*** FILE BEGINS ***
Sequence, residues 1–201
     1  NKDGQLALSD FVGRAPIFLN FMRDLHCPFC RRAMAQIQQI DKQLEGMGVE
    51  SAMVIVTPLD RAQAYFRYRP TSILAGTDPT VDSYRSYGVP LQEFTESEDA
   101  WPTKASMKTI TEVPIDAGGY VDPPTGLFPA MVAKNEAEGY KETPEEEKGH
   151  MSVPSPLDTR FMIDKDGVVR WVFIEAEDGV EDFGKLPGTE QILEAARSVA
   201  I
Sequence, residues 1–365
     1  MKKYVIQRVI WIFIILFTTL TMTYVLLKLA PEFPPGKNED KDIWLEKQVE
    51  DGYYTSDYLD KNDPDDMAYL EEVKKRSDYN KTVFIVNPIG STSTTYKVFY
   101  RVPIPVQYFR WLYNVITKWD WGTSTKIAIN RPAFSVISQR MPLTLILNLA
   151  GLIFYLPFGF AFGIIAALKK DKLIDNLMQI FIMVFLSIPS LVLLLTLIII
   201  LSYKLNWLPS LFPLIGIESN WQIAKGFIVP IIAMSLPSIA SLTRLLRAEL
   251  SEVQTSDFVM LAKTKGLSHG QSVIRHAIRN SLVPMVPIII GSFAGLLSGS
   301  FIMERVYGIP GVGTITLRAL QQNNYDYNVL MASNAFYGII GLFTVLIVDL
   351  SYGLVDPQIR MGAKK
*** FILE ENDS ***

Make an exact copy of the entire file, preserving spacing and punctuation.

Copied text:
Sequence, residues 1–201
     1  NKDGQLALSD FVGRAPIFLN FMRDLHCPFC RRAMAQIQQI DKQLEGMGVE
    51  SAMVIVTPLD RAQAYFRYRP TSILAGTDPT VDSYRSYGVP LQEFTESEDA
   101  WPTKASMKTI TEVPIDAGGY VDPPTGLFPA MVAKNEAEGY KETPEEEKGH
   151  MSVPSPLDTR FMIDKDGVVR WVFIEAEDGV EDFGKLPGTE QILEAARSVA
   201  I
Sequence, residues 1–365
     1  MKKYVIQRVI WIFIILFTTL TMTYVLLKLA PEFPPGKNED KDIWLEKQVE
    51  DGYYTSDYLD KNDPDDMAYL EEVKKRSDYN KTVFIVNPIG STSTTYKVFY
   101  RVPIPVQYFR WLYNVITKWD WGTSTKIAIN RPAFSVISQR MPLTLILNLA
   151  GLIFYLPFGF AFGIIAALKK DKLIDNLMQI FIMVFLSIPS LVLLLTLIII
   201  LSYKLNWLPS LFPLIGIESN WQIAKGFIVP IIAMSLPSIA SLTRLLRAEL
   251  SEVQTSDFVM LAKTKGLSHG QSVIRHAIRN SLVPMVPIII GSFAGLLSGS
   301  FIMERVYGIP GVGTITLRAL QQNNYDYNVL MASNAFYGII GLFTVLIVDL
   351  SYGLVDPQIR MGAKK